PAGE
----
Discipline: Ecology Environmental and Earth Sciences
Subcategory: Pollution/Toxic Substances/Waste
Samuel B. Lum - Rochester Institute of Technology
Increasing levels of anthropogenically generated food waste have become an issue due to excessively high chemical oxygen demand (COD) levels which can reduce the amount of dissolved oxygen in water. One example is that an excessive amount may cause life-threatening hypoxic conditions for aquatic wildlife. An effective way to address and mitigate the pressing global concern of these pollutants is through Microbial Fuel Cell (MFC) treatment. MFC technologies stands as a renewable energy source powered directly by bacterial digestion. This electricity is harvested through an electrochemical process from bacteria, as they oxidize a substrate at the anodic chamber section. These substrates can range from organic material including food waste and wastewater. Thermal heat, energy, natural gas and water are all biochemical byproducts of the redox reaction on top of effective wastewater treatment. This electrochemical potential is drawn from the bonds of organic material through catalytic reactions that occurs when the cell is under aerobic conditions. Noting this, MFCs easily become of the most natural fuel cells with a large potential to solve multiple environmental problems. Experimentation factors that impact MFC performance include material, chemical and test environment considerations. This research is one of many that continues to build the foundation of sustainable technology, and specifically focuses on understanding wastewater treatment and the circumstances on what allows for efficient reduction via microorganisms. All six substrates used in the experiments are locally sourced waste from RIT, these substrates are full strength tofu whey, diluted tofu whey, cow manure, glucuronic acid, organic food wastes and cellulose. Through research with these six different effluents, it was found that the cell highest in volatile solids had the highest electrical output and one of the highest improvement in reducing chemical oxygen demand (COD), a measure of water quality. Through extensive data collection, it was found that, with a 16 day operational run, the cells that ran glucuronic acid and cellulose had a respective COD reduction of 83% and 91% respectively; both began at about 2000 mg/L of concentration diluted with water. Cellulose and glucuronic acid are both found in leafy greens. Test data was provided through a data acquisition system rigged to each cell with a voltmeter and thermocouple. Supporting the significance of glucuronic acid and cellulose, both cells had above average internal cell temperatures and cellulose had the highest temperature increase of 13℉. This concludes a highly effective reduction of COD pollutants and overall wastewater treatment. Through bioengineering and electrochemistry, future experiments look to find unique ways to improve the bacterial metabolic process and overall cell performance. Near future investigations include conducting a multi-factorial design of experiments to understand the correlation between various test conditions on microbial ecology. Furthermore, upon isolating the best conditions from the experiments, additional chemical probes will be utilized to understand the performance of the cell signalling pathways as the bacteria oxidize waste and will push for more comprehensive watertreatment tests. This will help look at the microbiology of the best cases to optimize further. The end goal being to effectively treat wastewater using the most cost effective fuel cells.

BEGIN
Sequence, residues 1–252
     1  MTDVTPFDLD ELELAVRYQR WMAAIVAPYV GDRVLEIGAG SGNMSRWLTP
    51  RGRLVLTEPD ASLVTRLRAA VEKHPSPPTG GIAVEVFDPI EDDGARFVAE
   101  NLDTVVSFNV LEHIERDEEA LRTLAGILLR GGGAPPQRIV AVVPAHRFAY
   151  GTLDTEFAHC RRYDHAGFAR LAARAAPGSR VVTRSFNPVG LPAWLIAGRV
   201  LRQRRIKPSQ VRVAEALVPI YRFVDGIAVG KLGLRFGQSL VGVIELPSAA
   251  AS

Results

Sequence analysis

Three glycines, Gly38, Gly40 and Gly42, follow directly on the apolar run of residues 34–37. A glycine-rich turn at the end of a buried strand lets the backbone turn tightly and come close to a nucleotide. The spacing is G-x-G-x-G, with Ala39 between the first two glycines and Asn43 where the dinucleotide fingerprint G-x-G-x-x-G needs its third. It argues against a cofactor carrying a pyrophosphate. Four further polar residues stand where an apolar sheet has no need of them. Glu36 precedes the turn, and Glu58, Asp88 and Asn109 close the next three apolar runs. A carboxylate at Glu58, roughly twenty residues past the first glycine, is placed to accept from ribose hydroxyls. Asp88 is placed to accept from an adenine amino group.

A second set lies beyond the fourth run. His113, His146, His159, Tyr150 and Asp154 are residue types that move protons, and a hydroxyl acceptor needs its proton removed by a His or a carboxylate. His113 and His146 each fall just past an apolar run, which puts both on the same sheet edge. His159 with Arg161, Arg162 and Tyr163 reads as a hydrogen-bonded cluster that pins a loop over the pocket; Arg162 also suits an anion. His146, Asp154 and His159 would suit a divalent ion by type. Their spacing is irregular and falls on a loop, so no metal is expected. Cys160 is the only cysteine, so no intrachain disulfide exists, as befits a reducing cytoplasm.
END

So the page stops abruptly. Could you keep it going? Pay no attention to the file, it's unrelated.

Funder Acknowledgement(s): Golisano Institute of Sustainability
Faculty Advisor: Steven Barber, firstname.lastname@example.org
Role: I took initiative to establish this project by arranging meetings with professors university-wide to better understand the research goal, especially since the concepts were outside of my field. Countless hours were spent ensuring the research itself was unique and could eventually be stand-alone. I gathered the sources, took, processed the thousands of data points, began the introduction and abstract of a research paper. Took initiative to present at two conferences and still exploring and continuing the research.